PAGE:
The Taiwan Solidarity Union (TSU) yesterday provided new documentation to challenge a decision by the Referendum Review Committee rejecting a TSU referendum proposal on the government’s planned trade pact with China.
The committee ruled on Thursday night that the TSU proposal asking voters whether they agreed with the government’s plan to sign an economic cooperation framework agreement (ECFA) with China was invalid under Article 14, Section 1.4 of the Referendum Act (公民投票法).
In a vote of 12 to 4 rejecting the TSU proposal, committee members said that there was a “contradiction or obvious error in the content of the proposal, thus making the intendment of the proposal not understandable [sic].”
The TSU yesterday said that the issue had already been settled in a previous meeting by the Central Election Committee (CEC), which it said had found that the TSU referendum question fulfilled the requirements under Article 14, Section 1.
In a letter sent to TSU Chairman Huang Kun-huei (黃昆輝) on May 5, the CEC wrote that the issue had been discussed in one of their meetings on May 4.
The letter, signed by CEC Chairman Rai Hau-min (賴浩敏), stated: “The 402nd meeting of [CEC] committee members finds that [the proposal] doesn’t invoke any circumstances of Article 14, Section 1 under the Referendum Act.”
“It shows that their rejection of our proposal is a blatant disregard for the law. Their ruling is totally invalid,” Huang said. “It further proves that committee members had to use this laughable excuse to reject our proposal.”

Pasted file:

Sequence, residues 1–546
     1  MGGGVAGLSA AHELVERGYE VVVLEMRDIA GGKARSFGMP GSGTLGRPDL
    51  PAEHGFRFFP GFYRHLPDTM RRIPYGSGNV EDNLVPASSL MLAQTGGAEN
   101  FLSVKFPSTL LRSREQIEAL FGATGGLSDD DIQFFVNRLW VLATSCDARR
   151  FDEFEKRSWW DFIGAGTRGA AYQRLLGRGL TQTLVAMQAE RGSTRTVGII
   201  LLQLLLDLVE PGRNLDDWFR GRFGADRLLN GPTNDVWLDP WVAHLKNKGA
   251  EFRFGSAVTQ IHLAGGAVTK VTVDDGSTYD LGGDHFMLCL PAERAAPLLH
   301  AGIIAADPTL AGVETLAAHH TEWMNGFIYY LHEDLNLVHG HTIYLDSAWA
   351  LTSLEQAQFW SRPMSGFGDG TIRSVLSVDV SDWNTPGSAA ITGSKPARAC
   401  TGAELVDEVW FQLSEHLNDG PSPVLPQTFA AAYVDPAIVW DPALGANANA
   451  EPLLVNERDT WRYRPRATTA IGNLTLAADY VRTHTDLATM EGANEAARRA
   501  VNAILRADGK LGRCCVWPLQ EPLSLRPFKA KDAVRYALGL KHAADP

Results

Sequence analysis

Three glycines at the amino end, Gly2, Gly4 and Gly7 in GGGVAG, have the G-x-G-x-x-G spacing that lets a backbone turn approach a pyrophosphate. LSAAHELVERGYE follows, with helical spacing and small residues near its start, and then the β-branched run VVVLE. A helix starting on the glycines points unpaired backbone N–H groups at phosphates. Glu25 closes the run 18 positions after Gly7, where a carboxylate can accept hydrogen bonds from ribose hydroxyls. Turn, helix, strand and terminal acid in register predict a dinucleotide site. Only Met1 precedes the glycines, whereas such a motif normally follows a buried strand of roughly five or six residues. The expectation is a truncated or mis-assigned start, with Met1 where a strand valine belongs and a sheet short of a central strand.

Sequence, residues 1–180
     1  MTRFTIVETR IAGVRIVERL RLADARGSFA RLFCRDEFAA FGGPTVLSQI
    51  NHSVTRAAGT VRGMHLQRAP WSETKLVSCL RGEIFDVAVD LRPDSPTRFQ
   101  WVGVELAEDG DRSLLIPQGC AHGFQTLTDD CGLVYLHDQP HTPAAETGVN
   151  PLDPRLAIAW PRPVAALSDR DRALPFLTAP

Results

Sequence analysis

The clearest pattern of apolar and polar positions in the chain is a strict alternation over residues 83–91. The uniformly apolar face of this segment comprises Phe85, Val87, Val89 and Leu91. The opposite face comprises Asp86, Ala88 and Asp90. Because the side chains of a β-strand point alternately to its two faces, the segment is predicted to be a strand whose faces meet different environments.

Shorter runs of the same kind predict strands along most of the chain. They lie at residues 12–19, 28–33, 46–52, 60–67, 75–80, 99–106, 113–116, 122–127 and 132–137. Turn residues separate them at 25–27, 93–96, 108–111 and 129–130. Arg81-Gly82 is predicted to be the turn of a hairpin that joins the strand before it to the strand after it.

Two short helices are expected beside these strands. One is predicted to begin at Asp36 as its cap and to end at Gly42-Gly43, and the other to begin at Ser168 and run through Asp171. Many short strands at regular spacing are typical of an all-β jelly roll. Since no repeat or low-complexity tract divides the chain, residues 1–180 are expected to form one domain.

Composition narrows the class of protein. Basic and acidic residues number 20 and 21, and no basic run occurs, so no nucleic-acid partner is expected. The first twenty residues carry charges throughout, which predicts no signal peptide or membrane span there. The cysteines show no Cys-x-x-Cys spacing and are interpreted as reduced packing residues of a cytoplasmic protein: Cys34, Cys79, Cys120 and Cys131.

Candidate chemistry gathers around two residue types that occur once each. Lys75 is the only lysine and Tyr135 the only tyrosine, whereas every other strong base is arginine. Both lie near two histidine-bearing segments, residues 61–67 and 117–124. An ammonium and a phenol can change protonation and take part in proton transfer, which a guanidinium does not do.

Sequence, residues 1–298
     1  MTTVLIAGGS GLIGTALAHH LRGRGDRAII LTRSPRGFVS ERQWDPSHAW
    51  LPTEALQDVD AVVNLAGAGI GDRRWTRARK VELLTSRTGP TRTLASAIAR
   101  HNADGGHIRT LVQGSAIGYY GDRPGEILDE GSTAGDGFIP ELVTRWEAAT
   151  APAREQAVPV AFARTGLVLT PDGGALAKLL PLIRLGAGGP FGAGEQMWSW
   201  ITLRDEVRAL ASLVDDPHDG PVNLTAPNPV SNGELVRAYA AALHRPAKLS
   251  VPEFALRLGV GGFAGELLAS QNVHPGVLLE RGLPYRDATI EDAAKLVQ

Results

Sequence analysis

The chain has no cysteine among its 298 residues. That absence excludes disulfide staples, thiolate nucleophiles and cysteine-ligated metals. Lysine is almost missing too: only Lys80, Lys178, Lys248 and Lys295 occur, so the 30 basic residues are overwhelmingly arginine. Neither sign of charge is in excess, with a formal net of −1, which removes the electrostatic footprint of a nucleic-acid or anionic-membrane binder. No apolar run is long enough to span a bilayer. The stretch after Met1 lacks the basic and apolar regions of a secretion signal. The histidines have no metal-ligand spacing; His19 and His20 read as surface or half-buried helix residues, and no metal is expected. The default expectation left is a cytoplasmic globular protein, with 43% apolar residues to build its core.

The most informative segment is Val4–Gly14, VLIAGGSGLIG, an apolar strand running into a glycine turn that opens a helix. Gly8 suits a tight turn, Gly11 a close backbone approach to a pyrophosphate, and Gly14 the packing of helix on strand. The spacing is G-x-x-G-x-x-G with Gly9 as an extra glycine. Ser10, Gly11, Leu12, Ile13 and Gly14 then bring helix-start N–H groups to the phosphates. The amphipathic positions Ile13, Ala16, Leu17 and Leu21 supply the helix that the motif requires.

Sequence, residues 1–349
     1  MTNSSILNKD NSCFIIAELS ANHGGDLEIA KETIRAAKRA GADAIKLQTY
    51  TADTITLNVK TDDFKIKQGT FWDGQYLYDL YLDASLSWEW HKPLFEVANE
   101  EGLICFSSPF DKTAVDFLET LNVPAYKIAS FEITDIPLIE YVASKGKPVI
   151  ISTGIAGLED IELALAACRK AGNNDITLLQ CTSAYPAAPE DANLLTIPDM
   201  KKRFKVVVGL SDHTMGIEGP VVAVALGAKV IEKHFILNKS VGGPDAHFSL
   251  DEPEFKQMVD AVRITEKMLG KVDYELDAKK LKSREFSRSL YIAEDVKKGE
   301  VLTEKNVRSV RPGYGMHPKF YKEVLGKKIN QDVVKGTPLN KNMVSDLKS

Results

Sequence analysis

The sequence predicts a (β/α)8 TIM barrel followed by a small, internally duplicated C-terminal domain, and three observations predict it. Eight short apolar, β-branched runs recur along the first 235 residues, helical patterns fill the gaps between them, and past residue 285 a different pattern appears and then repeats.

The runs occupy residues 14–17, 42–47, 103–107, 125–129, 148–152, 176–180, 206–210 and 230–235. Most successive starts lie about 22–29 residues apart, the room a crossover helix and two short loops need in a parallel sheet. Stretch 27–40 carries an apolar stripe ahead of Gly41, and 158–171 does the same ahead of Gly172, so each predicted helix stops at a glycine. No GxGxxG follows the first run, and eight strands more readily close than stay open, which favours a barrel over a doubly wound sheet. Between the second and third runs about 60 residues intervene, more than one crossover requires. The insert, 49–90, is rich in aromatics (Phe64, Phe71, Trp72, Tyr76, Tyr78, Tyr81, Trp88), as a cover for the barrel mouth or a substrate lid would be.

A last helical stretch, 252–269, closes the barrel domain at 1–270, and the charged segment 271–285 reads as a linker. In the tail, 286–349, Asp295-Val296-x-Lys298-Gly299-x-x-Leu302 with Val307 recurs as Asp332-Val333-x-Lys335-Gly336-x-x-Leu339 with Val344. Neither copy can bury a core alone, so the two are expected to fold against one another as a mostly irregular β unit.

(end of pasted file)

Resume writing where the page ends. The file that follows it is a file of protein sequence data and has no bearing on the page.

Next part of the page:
The TSU said it is planning to appeal the decision as soon as next week.
Huang added that his party would also file lawsuits next week against each of the 12 committee members that voted against the proposal, accusing them of misconduct.
“The review committee directly rejected the findings reached by the CEC and used those findings to reject our proposal,” he said. “They willfully disregarded the law.”
The TSU said it was ready for a drawn-out battle in court, adding that it might seek a constitutional interpretation to ensure that an ECFA proposal could be put to a public vote.
It also pledged to start another referendum proposal seeking to abolish the Referendum Review Committee.
It alleged that the committee had “become a tool of President Ma Ying-jeou’s [馬英九] administration, used to oppress Taiwan’s democracy,” citing recent cases in which it had rejected referendum proposals.
A similar Democratic Progressive Party (DPP)-sponsored referendum proposal was rejected by the committee late last year after it ruled that the question — asking voters whether they agreed that an ECFA should first go through a referendum — was based on a hypothetical situation.
Huang said his party would officially launch a move to abolish the review committee at a DPP Kaohsiung City event today in support of an ECFA referendum.
“The review committee has improperly restricted the public’s democratic rights. It’s illegal and it’s against the Constitution,” Huang said.
Huang also said the TSU would study the possibility of holding yet another public vote that would lower the threshold of the Referendum Act.
The Act has been a source of controversy for both the TSU and the DPP ever since it was first passed in 2003 by the pan-blue-controlled legislature.
Critics say that the act has an unreasonably high threshold of signatures needed to begin the process and votes needed to pass referendum. The TSU also said the 21-member review committee created by the act should not have the right to decide on the democratic aspirations of 200,000 Taiwanese.